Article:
Words of Worth

Seek or Separate?

November 19, 2010

Ready or not…here I come!

Do you remember the thrill these words would evoke in you as a child? Remember listening to the one chosen to be “it” count to the assigned number while you scurried away to hide yourself? I recall pressing myself flat against the wall behind the heavy curtains in the formal living room or if we were outside, scrambling around the back of my grandmothers house to a secret spot I claimed to be all my own in order to separate from the others. And when those words rang out, “Ready or not… here I come!” my heart would start racing and my stomach would flip. Would I be found or would I make it to home base and be able to call out “Safe!” and savor the thrill of victory?

Being the seeker is almost as much fun, especially if you are playing with small children. The shrieks of joy when they are “found” are a pure delight to hear. But nothing can ruin a good game of Hide ‘n Seek faster than a snitch. I had a cousin who liked to tell where everyone else was hiding after he got caught. It wasn’t long before we were all hiding from him on purpose because he spoiled our fun.

Nothing can spoil a friendship faster than telling others things that should remain “hidden”. Proverbs 17:9 states it this way,

“He who conceals a transgression seeks love, but he who repeats a matter separates intimate friends.”

Seek or separate?

It’s been rightly said that love covers, and many times between friends, especially intimate friends, we are called to conceal or overlook an offense. In other words, if we are seeking the highest good for our friendship, we must be willing to forgive and search for a way to restore the closeness that might have been affected by the wrongdoing.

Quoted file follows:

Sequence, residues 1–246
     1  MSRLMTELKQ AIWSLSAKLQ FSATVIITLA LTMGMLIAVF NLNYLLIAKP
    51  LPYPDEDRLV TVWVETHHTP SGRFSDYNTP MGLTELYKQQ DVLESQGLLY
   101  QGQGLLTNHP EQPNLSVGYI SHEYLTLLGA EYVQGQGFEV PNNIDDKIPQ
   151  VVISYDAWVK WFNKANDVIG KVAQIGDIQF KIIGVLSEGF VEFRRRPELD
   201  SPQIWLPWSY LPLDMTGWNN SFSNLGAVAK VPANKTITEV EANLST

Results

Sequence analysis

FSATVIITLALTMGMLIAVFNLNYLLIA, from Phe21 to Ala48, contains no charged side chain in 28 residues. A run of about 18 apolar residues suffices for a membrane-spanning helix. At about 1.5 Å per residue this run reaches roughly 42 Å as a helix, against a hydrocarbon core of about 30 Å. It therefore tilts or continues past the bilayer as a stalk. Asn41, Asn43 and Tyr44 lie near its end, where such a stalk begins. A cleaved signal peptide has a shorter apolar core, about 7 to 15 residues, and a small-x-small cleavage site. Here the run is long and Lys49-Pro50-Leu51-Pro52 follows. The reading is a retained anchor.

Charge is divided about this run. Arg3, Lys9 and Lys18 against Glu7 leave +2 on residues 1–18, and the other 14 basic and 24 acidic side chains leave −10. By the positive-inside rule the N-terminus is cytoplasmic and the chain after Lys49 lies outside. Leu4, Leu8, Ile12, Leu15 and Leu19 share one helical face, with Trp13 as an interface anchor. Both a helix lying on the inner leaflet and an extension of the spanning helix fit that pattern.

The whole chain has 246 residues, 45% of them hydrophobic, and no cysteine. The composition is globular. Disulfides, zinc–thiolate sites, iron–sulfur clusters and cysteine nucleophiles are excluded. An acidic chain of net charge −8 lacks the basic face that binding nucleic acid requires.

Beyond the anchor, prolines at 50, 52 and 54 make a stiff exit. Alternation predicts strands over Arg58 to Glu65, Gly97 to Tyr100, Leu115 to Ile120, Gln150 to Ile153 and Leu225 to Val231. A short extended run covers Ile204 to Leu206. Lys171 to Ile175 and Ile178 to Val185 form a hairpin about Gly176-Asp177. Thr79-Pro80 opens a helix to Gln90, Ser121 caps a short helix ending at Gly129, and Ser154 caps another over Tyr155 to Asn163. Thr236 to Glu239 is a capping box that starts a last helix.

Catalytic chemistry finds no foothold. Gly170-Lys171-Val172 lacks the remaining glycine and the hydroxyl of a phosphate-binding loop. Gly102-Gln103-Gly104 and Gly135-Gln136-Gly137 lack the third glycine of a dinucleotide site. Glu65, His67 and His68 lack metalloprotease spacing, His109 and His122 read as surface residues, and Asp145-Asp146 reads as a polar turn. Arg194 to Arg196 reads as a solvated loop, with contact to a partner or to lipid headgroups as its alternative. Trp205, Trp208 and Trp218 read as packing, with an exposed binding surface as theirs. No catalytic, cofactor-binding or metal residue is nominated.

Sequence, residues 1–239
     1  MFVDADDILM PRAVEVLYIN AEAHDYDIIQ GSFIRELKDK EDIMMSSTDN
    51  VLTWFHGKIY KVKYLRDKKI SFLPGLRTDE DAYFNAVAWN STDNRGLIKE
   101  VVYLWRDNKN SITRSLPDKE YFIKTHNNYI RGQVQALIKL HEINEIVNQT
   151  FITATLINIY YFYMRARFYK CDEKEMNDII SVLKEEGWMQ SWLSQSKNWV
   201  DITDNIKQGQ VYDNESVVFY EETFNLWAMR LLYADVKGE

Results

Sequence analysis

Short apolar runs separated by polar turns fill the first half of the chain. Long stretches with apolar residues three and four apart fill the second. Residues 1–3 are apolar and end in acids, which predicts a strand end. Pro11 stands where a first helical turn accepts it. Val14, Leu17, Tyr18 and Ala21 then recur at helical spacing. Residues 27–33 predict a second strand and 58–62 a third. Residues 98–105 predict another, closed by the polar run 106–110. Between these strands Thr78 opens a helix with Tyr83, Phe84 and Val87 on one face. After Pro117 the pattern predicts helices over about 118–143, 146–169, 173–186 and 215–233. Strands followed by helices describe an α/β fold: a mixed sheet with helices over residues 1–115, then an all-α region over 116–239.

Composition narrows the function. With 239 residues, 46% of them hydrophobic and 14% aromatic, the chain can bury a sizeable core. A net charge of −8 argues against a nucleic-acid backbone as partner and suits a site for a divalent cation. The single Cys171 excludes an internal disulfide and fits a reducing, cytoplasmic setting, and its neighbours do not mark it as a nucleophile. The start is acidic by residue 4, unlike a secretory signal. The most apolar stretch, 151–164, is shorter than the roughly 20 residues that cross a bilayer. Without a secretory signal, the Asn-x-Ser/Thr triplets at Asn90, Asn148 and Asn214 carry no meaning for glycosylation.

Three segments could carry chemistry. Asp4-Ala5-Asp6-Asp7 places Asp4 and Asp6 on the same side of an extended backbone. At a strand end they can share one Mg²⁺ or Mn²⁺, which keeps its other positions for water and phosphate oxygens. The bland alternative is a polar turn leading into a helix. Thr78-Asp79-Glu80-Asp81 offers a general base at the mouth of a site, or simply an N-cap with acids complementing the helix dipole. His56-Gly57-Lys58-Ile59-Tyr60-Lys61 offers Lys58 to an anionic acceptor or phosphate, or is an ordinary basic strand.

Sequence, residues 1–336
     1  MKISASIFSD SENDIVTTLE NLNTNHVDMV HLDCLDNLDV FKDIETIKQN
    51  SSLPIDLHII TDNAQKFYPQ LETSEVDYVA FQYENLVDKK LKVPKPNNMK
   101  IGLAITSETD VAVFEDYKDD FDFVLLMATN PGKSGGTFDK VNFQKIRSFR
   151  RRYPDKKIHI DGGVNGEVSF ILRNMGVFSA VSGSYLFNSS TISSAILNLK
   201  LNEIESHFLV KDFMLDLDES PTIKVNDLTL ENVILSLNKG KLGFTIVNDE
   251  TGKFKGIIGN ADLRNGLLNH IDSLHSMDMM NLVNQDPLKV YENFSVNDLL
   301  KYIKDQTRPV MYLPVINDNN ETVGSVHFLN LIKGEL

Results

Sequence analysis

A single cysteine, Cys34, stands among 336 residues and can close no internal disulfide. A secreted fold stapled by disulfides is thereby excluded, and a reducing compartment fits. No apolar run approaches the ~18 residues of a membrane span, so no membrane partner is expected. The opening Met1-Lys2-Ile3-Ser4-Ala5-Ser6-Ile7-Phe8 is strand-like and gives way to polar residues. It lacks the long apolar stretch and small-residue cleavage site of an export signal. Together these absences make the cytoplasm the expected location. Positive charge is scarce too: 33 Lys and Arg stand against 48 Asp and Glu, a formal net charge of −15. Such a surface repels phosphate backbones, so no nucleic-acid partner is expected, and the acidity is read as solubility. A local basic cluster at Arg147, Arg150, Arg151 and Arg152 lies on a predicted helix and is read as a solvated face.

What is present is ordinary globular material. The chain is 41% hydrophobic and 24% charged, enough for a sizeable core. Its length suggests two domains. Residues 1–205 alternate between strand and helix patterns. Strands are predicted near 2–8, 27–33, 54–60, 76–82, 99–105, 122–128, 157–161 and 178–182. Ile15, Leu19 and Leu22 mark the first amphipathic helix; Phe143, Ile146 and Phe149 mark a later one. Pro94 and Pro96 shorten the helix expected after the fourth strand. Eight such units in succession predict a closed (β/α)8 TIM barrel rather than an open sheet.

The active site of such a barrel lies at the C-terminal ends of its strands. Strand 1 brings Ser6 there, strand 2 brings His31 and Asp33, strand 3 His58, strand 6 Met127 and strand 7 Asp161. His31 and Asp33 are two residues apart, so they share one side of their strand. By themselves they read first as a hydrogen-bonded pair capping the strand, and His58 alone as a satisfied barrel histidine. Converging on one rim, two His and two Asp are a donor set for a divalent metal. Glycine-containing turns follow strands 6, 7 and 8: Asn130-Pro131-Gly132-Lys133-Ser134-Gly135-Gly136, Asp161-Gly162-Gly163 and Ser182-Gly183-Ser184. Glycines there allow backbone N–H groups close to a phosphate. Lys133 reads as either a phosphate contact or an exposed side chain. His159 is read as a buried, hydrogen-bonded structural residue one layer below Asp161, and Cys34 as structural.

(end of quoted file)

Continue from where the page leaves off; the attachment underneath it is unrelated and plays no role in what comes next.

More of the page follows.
The second part of the verse can be translated two ways and both of them bear further scrutiny. It can be interpreted as sharing the situation with those not involved and thus gossiping. It can also mean continually bringing an incident up over and over again so that healing is inhibited. Either one of these actions will ensure a separation. This is not an example of seeking love.

When Peter asked Jesus (Matthew 18) how many times he should forgive, he offered what he thought was a generous number. “How about seven times?”, he inquired of his Lord. Jesus said that wouldn’t be enough but to be willing to forgive seventy times seven. I wonder if these words echoed in Peter’s heart when he later denied Him. And I wonder when Jesus was buried, was the separation particularly unbearable for Peter?

Always the Seeker of the hurting, the lost, the wounded, and the just plain ole wandering soul, Jesus demonstrated the most tender of acts after His Resurrection through the words of the young man to the women at the empty tomb, “Go tell His disciples, and Peter…” Mark 16:7

Peter was restored that day by two small words – “and Peter”. Is there someone you should seek out today? Has there been a separation? First seek God’s guidance and ask Him to show you how to pursue love and regain needed restoration.

Looking for more words? Read Romans 12:10-21 and make a list of ways to seek love and avoid separation. (CT)

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